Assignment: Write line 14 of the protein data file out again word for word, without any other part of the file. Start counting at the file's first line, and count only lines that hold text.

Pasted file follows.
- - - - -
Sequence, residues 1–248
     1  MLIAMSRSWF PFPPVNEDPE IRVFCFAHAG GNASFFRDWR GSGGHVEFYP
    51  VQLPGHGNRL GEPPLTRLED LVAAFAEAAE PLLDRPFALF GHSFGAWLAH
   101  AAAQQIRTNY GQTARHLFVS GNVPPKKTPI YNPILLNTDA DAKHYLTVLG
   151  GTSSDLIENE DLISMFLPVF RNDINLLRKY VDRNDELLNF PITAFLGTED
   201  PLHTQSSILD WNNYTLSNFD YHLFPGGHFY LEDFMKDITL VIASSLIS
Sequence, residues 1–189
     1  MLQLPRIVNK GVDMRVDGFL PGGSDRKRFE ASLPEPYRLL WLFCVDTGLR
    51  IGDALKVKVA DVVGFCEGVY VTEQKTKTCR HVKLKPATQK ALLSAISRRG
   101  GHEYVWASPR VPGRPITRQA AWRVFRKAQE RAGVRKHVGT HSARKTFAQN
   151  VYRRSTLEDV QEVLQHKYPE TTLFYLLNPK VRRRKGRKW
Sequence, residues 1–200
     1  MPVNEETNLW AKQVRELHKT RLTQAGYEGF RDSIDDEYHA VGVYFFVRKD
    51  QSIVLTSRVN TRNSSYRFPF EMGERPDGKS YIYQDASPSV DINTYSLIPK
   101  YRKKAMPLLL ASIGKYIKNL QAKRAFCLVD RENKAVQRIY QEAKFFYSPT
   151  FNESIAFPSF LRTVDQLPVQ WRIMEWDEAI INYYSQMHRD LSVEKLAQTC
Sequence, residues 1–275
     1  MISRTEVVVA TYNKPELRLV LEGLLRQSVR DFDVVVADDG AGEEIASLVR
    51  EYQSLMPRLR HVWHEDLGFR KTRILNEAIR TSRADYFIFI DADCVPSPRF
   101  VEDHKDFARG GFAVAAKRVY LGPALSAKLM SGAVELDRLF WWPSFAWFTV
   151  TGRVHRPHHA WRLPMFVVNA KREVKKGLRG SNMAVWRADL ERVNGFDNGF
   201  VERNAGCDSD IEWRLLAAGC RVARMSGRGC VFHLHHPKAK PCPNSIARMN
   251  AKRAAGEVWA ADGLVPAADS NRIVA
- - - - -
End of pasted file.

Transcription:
    51  QSIVLTSRVN TRNSSYRFPF EMGERPDGKS YIYQDASPSV DINTYSLIPK